Managing college stress
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MANAGING COLLEGE STRESS. Presented by: Michael Cummings. Have You Ever Felt Like This?. Or This. One for the guys. One for the girls. Objectives of the workshop. To equip students with information about college stress due to test Improve test taking skills

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Managing college stress

Presented by:

Michael Cummings

Objectives of the workshop
Objectives of the workshop

  • To equip students with information about college stress due to test

  • Improve test taking skills

  • Help students cope better with college stress anxiety

  • Equip students with study skills techniques

Stress causes anxiety
Stress Causes Anxiety

  • Although we tend to think of stress as caused by external events, events in themselves are not stressful. Rather, it is the way in which we interpret and react to events that makes them stressful. .

  • Stressors are something with the potential to cause stress.

    This can be:

    • Life events (marriage, death in the family)

    • School/work issues (hard classes, heavy workload)

    • Relationship problems

    • Daily grind (homework, deadlines, irritating people)

Effects of stress in college
Effects of Stress in College

  • Nervousness:

  • Having difficulty reading and understanding the questions on the exam paper.

  • Having difficulty organizing your thoughts.

  • Having difficulty retrieving key words and concepts when answering essay questions.

  • Doing poorly on an exam even though you know the material.

  • Mental Blocking: Going blank on questions.

  • Remembering the correct answers as soon as the exam is over.

What can help stress
What Can Help Stress?

  • S = Study Skills

  • T = Time Management

  • R = Reducing Stress

  • E = Examination Preparation

  • S = Self Talk

  • S = Seek Support

Study before the test

  • Plan two to three hours of study time for every hour you spend in class.There are exceptions, but this is a good general rule.  It’s also one that few students follow. Student making the transition from high school to community colleges are often unaware of the increased workload expected of them.  The benefits of following this rule will be apparent at exam time.

  • Study difficult (or boring) subjects first.If your chemistry problems put you to sleep, get to them first while you are fresh.  Most of us tend to do what we like first, yet the courses we find most difficult often require the most creative energy.  Save the subjects you enjoy for later.  If you find yourself avoiding a particular subject, try getting up an hour earlier to study it before breakfast.  With that chore out of the way, the rest of the day will be a breeze.

Studying tips cont

  • Avoid scheduling marathon study sessions.When possible, study in shorter sessions.  Three separate three hour sessions are far more productive for most people than one nine-hour session. When you do study in long sessions, take a planned break every hour.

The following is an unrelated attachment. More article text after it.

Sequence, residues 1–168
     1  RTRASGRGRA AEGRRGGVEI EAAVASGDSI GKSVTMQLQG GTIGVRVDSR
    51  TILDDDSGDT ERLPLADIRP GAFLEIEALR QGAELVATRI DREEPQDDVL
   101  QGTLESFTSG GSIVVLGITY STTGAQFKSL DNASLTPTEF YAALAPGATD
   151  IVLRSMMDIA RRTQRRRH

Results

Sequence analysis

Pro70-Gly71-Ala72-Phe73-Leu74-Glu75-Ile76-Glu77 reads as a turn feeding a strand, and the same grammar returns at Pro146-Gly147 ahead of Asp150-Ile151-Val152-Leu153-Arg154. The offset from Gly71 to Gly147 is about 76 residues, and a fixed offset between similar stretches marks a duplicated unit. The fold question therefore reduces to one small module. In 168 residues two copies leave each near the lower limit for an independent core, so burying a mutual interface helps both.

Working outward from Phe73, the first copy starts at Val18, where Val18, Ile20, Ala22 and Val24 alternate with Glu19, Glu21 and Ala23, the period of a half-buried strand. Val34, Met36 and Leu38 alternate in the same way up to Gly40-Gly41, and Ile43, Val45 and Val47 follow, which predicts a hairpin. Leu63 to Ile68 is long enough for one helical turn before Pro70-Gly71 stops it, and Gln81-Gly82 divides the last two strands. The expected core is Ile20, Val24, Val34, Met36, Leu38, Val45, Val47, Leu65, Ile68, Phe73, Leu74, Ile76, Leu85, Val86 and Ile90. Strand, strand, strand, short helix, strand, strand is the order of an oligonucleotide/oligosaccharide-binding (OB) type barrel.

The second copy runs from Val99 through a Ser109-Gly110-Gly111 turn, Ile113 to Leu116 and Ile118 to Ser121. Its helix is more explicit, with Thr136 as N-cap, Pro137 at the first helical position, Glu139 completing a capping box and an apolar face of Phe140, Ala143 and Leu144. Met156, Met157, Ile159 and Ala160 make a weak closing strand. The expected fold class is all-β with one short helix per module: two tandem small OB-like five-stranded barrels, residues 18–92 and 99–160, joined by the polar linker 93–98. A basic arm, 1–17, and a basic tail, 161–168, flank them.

• Be aware of your best time of the day.Many people learn best in daylight hours.  Observe yourself, and if this is true of you, schedule study time for your most difficult subjects when the sun is up. The key point is to determine your best learning time.

Study tips cont
STUDY TIPS (cont.)

  • Be prepared!Learn your material thoroughly

  • A program of exercise is said to sharpen the mind

  • Get a good night's sleep the night before the exam

  • Learn to say no!

Make a to do list
Make a To Do List

By putting the most important things first, you are sure to get the most important things done on time.

Prioritize your list
Prioritize Your List

  • A - Highest priority. Getting these items done tomorrow is very important.

  • B - Medium priority. You would really like to finish / accomplish these things, but they can wait if you run out of time.

  • C – Lowest priority. Getting these items done tomorrow is not very important.

Double your time estimates
Double Your Time Estimates

  • Most people tend to underestimate how much time a particular activity / assignment will take.

  • A good rule of thumb is to estimate how much time you realistically think something will take and then double it. More often than not, this doubled estimate is accurate.

Write down a to do list
Write Down A To Do List

  • This includes class readings, work on papers or problem sets, chores, errands, phone-calls, exercising, etc…

  • Break the studying down into “review chapters 2-5,” “review chapters 6-10,” “do six practice problems,” etc… and the research paper into “spend 1 hour collecting articles at the library,” “write an outline,” “write introduction,” etc… These items are much smaller, easier to start, and more likely to get done.

Managing college stress


When I know I am under STRESS, what can I do to manage it? Select three of the following options to implement this week!

Ask for help
Ask For Help!!

  • It never hurts to ask for help with a class or an assignment.

  • Talk about your stress, let one of the SSS staff members know about your stress and we will help. Besides, talking is a good way to cope.

  • Tutoring, seek academic support to help you study and prepare for a test.